The Financial Times on Bitcoin, P2P lending and secular stagnation
The FT has a few articles on some of my favourite topics today.
John Authers argue that it is time to take Bitcoin seriously. Who would say that I disagree? In his article he refers to several points I had already mentioned in some of my previous posts. He adds an interesting analogy with previous internet firms and concepts:
[…] even if Bitcoin is as successful as it is possible now to imagine, it looks overvalued at recent prices. It is in a bubble.
But this does not prove that the concept has no future. Shares in Amazon.com were also in a bubble in the late 1990s, and yet proved a great long-term investment after the bubble burst. Wild swings in value are typical when new technologies arrive.
A commenter also had a very good point, which highlighted Bitcoin’s (or other similar alternative digital currencies’) potential trade-boosting abilities:
Can you imagine a world where anyone can set up a shop on the internet and instantly accept payments from all over the world to sell its product or service without any intermediary? Well that’s only one face of what Bitcoin enables.
Naysayers will keep saying that Bitcoin is useless or only diverts wealth from ‘productive opportunities’ anyway.
FT Alphaville continued its long tradition of confused/confusing posts with this one on P2P lending today. I don’t know about you, but it does look to me that everything in the financial world that’s innovative and far from regulators’ grip is now under attack from Alphaville bloggers. They could have a point. But in this case, they don’t. They completely miss the point. The author misunderstands the financial crisis and draws the wrong conclusions from it.
According to the author, P2P is ‘pro-cyclical’ and has ‘no skin in the game’, which makes this asset class of systemic risk. He’d like to see P2P platforms to hold capital buffers to absorb losses. This makes no sense whatsoever. P2P is an investment. There are tons on possible investments. Anybody can invest directly in equities or bonds or FX or whatever, or through mutual funds/investment managers. P2P works the same way. Are we asking mutual funds to hold a capital buffer to absorb losses suffered by their clients’ portfolio? Of course not.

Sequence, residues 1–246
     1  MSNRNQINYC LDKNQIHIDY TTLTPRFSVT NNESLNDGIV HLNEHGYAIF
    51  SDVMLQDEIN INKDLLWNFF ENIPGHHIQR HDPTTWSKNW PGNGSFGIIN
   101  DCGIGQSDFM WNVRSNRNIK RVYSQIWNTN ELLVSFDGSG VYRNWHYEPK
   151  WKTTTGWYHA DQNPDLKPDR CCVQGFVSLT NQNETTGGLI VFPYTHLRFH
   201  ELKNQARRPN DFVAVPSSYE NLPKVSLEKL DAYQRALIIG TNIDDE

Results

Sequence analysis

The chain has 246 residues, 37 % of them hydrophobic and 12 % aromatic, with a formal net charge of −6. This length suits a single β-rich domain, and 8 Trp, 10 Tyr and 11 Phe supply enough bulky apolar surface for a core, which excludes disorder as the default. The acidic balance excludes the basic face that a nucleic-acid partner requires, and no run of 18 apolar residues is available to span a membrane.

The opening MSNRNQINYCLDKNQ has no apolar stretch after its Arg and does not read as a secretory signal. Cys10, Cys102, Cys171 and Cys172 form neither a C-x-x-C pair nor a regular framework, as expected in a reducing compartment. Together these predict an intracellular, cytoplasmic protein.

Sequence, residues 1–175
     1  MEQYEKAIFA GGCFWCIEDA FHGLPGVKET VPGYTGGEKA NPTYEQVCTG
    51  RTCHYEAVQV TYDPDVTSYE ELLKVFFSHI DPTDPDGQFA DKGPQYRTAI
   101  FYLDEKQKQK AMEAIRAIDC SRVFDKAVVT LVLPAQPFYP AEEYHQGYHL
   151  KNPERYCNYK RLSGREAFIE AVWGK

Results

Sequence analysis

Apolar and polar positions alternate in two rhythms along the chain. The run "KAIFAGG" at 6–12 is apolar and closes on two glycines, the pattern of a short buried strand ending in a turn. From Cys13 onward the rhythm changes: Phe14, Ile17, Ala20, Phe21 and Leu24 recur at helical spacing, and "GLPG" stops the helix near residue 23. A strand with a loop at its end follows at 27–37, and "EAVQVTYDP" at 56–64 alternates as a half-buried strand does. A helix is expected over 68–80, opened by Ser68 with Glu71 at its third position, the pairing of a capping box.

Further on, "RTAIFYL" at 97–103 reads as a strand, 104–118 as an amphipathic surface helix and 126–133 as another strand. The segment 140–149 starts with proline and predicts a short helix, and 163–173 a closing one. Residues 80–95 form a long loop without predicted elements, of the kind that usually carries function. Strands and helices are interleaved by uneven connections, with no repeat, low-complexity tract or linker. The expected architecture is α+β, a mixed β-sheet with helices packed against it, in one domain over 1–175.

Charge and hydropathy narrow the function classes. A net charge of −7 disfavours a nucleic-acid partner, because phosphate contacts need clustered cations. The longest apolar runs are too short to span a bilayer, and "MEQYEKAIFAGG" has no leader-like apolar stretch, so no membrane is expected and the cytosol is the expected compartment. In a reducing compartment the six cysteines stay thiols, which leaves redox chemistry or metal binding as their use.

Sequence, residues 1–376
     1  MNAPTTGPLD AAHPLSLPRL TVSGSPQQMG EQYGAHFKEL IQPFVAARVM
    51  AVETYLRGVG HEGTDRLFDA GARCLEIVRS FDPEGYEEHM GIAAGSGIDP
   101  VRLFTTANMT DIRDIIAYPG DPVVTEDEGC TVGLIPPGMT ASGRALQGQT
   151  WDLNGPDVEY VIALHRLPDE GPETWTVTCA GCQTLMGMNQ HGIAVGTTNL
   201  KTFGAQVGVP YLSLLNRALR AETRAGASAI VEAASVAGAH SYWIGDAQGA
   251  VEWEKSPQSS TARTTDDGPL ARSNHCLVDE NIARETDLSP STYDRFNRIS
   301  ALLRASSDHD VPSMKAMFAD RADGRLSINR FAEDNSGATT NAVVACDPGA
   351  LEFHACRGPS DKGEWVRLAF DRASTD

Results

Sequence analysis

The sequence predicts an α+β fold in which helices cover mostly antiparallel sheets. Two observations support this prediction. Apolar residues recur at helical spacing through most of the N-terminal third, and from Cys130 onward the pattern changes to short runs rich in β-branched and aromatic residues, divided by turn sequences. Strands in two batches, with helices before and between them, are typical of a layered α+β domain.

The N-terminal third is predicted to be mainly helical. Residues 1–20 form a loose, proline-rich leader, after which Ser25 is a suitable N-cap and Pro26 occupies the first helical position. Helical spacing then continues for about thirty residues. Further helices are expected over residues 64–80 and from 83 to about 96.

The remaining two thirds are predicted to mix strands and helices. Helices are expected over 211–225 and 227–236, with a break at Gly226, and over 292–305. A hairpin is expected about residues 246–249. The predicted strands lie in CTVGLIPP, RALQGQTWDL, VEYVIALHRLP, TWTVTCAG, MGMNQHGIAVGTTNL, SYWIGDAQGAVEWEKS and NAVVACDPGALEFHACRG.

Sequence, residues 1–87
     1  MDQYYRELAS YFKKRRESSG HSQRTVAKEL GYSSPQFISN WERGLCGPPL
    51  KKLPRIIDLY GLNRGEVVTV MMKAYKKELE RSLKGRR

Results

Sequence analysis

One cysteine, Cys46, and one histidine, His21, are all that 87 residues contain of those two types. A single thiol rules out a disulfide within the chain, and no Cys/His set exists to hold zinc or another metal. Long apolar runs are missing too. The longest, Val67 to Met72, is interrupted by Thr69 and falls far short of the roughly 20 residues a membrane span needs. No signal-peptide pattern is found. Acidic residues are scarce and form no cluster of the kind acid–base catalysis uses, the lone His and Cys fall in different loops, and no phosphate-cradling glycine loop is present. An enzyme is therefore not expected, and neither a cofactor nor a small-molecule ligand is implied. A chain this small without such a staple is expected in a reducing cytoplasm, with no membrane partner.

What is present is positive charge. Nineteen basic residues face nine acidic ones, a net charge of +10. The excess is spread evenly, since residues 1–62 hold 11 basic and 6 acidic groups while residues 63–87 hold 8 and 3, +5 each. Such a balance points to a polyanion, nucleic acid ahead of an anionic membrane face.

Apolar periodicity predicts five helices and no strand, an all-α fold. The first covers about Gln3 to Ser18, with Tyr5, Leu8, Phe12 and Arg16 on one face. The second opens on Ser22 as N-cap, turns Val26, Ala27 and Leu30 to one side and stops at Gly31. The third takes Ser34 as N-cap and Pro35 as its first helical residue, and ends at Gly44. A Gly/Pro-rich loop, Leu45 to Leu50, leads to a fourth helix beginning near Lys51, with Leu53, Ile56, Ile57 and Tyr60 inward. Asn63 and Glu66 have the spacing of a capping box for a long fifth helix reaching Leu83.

Banks need to retain capital as they hold deposits, which are part of the money supply and can be drawn down at any time by depositors, and also because they play a critical role in the payment system. If banks make losses on lending, capital allows them not to transfer the loss onto customers, who often just wanted to store their money there. This has absolutely nothing to do with the kind of voluntary investments I described above. Moreover, some P2P platforms have already set up loss-absorbing funds anyway… Platforms also have their ‘skin in the game’: if everybody stops lending through them, they don’t earn any revenue and go out of business. While I agree that platforms should not hide the fact that losses could occur on P2P investments, paternalism and regulation is the wrong way to go. Education and responsibility should be the goals.
In another Alphaville blog post, Izabella Kaminska reports the arguments of two economists against the Summers/Krugman secular stagnation story. And it basically reflects mine: it doesn’t exist. It also has a particular Austrian flavour: savings and productivity generate long-term economic growth, and low interest rates caused the economy to boom above potential (debt accumulation) and caused malinvestments (investments that generated short-term growth but that no one wanted in the end).
• There is no shortage of high return investment projects in the world. And the dearth of global corporate investment, which drove the great recession, means that productive potential is shrinking despite corporate profitability, leverage and cash balances being sound.
• The three ingredients for growth are a) a stable macro environment; b) a sound banking system; c) economic reforms that encourage entrepreneurship. What is missing right now is private sector confidence in the ability of governments and central bankers to provide all three.
• Credit bubbles can boost growth only temporarily and incur heavy costs in terms of subsequent deleveraging and misallocation of resources.
Hedge funds keep attracting new money (assets under management are up 16% since end-2012)… I won’t remind you that I’m wondering whether or not this is a sign that nominal interest rates are lower than their Wicksellian natural rates, forcing investors to take extra risk to achieve the real rates of return they would normally obtain from safer investments. But I guess that Summers and Krugman would say that, anyway, bubbles are necessary for the economy. Another side of the story is that not that many people seem to believe anymore in hedge funds outperforming the markets. Hedge funds seem to be transformed into mutual funds… But in this case, why paying such high management and performance fees? This doesn’t make so much sense.